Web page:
*v*(

_{n}*E*) is drift velocity of electrons that depends on the electric field,

*τ*is mean time of energy relaxation, ranging from 0.1 ps to 1 ps [26,28]. Further increase of the electric field is related to intervalley scattering on mostly optical phonons. The considerable majority of electrons reaches energy that enables them to pass to a side valley, where they gain a large effective mass. In this way in lower energy states of the central valley the electron occupation decreases, while the occupation of states with higher energies in side valleys rises. Because electrons in side valleys are less mobile, once a critical value of the electric field is exceeded, the mean rate of electron transfer begins to decrease. In the description of this phenomenon, most often the mobility of electrons is given as a mean weighted mobility:where

_{r}*μ*and

_{nl}*μ*are, respectively, mobilities of carriers in the central and side valleys,

_{nu}*f*(

*E*) is a distribution function describing the occupation of the central valley, given by this relation:

*U*is the energy difference between the central and side minimum,

*R*is the ratio of the state density in the central to that in side valleys. For gallium arsenide

*R*= 94, Δ

*U*= 0.31 eV. If we take into account bipolar transport and hot electron effect, then the materials equations describing the photorefractive mechanism will take this form [3,15,16,27,29,30]:

*p*stands for hole concentration. Indexes

*n*and

*p*refer to quantities characterizing electrons and holes, respectively.

Equations (1a)-(1d) and (5a)-(5f) describe physical processes coupled with a light beam propagating in a photorefractive medium, whose evolution is described by a nonlinear wave equation. In the configuration (1 + 1)D, for the light polarized in the direction *x* and propagating in the direction *z*, the electric component of light field:${E}_{opt}(x,z,t)=A(x,z)\mathrm{exp}(i\omega \text{\hspace{0.05em}}t-ikz),$ fulfills the wave equation, which in paraxial approximation gets this form:

*λ*is wavelength in vacuum, and $\Delta n$ is optically induced change of refractive index ${n}_{b}$. Analyses of spatial soliton propagation in photorefractive materials mainly make use of analytical approximations from the system of Eqs. (1a-1b) or (5a-5f), resulting in a relation between the space-charge field and distribution of light intensity. Thus a numerical analysis [12,31,32], and in some cases analytical analysis [33,34] of soliton states resulting from the propagation Eq. (6) is possible. Of standard analyses, particular attention can be paid to the approach presented in works [17,18,35] allowing to consider photorefractive time nonlocality, typical of solitons.

#### 2.2 Analytical approximations

To justify the use of numerical methods in nonlinear propagation analysis, let us take a closer look at the generally made transition from materials equations to the relation between spatial-charge field and light intensity for bright spatial soliton propagation in a semiconducting material characterized by Eqs. (5a)-(5f). This will allow us to separate all standard analytical approximations and point out differences between the time local and nonlocal approach.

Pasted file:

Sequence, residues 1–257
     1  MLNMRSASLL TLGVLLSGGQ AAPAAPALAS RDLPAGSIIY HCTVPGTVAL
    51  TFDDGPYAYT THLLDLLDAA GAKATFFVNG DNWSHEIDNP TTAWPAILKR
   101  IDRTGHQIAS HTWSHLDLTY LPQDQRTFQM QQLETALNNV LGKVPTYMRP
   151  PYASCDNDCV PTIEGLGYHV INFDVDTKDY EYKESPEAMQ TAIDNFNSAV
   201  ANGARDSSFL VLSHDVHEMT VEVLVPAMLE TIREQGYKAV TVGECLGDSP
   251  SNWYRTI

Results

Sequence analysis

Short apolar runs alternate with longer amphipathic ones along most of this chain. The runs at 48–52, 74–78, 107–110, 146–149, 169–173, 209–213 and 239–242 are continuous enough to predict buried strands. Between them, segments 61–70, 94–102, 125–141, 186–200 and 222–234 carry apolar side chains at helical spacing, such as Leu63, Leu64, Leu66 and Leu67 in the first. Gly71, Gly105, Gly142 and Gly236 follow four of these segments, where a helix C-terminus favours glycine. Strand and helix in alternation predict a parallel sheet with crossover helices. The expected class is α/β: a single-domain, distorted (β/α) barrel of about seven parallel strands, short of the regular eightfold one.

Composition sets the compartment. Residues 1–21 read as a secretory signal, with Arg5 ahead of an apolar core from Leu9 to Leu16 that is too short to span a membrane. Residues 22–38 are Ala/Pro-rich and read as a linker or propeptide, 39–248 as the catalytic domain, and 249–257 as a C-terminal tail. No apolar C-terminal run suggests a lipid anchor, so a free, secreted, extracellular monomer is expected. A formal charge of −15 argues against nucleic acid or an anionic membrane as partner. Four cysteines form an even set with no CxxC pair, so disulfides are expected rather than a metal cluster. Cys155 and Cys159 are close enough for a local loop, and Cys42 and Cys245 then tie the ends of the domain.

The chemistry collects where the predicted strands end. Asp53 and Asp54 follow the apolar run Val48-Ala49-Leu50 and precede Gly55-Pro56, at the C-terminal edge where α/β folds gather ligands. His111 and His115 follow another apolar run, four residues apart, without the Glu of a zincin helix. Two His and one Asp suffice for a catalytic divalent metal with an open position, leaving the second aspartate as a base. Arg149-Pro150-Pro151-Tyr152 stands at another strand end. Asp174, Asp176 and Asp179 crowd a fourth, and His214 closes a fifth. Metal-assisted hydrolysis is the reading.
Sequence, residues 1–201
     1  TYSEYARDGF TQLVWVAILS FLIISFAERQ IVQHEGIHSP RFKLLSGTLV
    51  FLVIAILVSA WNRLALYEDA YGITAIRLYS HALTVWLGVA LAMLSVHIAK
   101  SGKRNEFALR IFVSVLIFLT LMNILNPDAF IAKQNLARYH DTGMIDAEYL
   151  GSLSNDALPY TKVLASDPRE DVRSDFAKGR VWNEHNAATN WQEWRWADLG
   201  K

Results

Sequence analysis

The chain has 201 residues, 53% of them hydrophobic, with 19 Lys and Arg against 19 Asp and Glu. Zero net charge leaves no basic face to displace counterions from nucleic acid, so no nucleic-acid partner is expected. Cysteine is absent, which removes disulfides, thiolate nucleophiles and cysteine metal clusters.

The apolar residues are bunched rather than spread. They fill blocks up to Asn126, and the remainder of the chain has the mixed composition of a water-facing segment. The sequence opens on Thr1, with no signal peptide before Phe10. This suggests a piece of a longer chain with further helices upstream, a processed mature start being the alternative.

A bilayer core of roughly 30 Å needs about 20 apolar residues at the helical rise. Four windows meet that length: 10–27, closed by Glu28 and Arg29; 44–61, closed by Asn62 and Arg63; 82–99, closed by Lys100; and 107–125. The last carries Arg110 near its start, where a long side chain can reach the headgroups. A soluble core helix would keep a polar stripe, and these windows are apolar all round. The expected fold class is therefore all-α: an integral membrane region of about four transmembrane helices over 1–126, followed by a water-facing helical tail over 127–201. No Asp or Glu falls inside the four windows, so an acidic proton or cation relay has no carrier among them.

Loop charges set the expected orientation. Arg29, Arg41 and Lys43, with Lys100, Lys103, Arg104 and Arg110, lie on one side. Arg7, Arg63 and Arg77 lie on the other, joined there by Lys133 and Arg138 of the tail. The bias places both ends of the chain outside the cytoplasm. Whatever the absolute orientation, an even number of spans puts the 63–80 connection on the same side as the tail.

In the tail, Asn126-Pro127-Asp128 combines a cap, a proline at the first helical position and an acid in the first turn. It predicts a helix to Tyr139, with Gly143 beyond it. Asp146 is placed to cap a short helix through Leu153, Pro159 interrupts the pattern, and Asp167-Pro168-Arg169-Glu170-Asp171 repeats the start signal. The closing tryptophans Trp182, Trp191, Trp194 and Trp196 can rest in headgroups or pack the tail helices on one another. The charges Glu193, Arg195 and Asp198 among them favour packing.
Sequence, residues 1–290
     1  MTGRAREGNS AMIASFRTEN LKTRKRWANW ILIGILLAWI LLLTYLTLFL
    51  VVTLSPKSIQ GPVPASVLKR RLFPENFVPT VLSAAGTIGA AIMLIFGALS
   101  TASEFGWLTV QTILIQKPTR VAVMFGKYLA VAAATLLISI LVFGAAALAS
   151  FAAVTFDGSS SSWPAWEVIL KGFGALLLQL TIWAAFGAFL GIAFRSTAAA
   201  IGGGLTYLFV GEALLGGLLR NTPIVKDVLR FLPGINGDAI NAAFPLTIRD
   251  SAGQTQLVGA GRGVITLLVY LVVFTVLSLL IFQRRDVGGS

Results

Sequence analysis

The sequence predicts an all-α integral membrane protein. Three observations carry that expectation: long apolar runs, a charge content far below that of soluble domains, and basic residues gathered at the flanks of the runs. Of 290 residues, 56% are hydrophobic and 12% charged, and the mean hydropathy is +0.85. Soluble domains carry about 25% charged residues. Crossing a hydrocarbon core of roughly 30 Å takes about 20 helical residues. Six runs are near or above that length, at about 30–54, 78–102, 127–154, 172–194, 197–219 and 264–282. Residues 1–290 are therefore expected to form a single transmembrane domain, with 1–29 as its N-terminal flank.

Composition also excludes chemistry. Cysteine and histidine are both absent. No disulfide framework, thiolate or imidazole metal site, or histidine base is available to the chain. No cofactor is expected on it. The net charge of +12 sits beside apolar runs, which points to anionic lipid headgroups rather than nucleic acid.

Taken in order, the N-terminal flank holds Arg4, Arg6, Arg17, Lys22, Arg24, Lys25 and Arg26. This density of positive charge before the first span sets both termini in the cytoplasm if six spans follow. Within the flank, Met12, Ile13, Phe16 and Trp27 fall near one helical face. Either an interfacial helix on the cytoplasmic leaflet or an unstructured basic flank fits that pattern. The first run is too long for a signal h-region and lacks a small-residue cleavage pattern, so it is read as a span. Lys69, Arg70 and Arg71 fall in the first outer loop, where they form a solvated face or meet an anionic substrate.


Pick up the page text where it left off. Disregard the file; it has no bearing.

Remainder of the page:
One approximation that considerably restricts an analysis of photorefractive solitons is an approximation of the linear transport of electrons. In this approach, both electron mobility and temperature do not depend on the electric field intensity:

This approximation is right only in the linear range of the relation between electron velocity*v*and electric field intensity

_{n}*E*. The relation holds only for field intensity below a critical one, which for GaAs is about 3.5 kV/cm. This restriction is essential, because semiconductors are characterized by relatively weak electro-optic properties. This, in turn, necessitates the application of higher values of external fields. It is important, because we overcome formal difficulties by using a numerical approach. Nonlinear transport of electrons leads to strong effects of spatial nonlocality that play an important role in nonlinear light propagation [16] and photorefractive processes of wave mixing [3,27,28].

Another significant simplifying step refers to the dynamics of photorefraction. An analysis of this problem distinguishes two characteristic time quantities: mean lifetimes of carriers and time of dielectric relaxation describing the rate of space-charge field formation. These quantities usually differ substantially from each other, as the lifetime of carriers is negligibly short compared to the time of dielectric relaxation. Examining the macroscopic dynamics of the photorefractive process in the time scale comparable to dielectric relaxation time, we assume that processes of generation and recombination remain in equilibrium. This, for typical photorefractive materials given by the system of Eqs. (1a)-(1d), is expressed in relation resulting from Eq. (1a): $\left[{\beta}_{n}+{S}_{n}\left(I+{I}_{B}\right)\right]\left({N}_{D}-{N}_{D}^{+}\right)\simeq {\gamma}_{n}n{N}_{D}^{+}$. If we use a similar approach to a medium described by Eqs. (5a-5f), assuming *a priori* that the left-hand sides of Eqs. (5a) and (5b) may be omitted, we obtain stationary concentrations of electrons and holes expressed by the relation: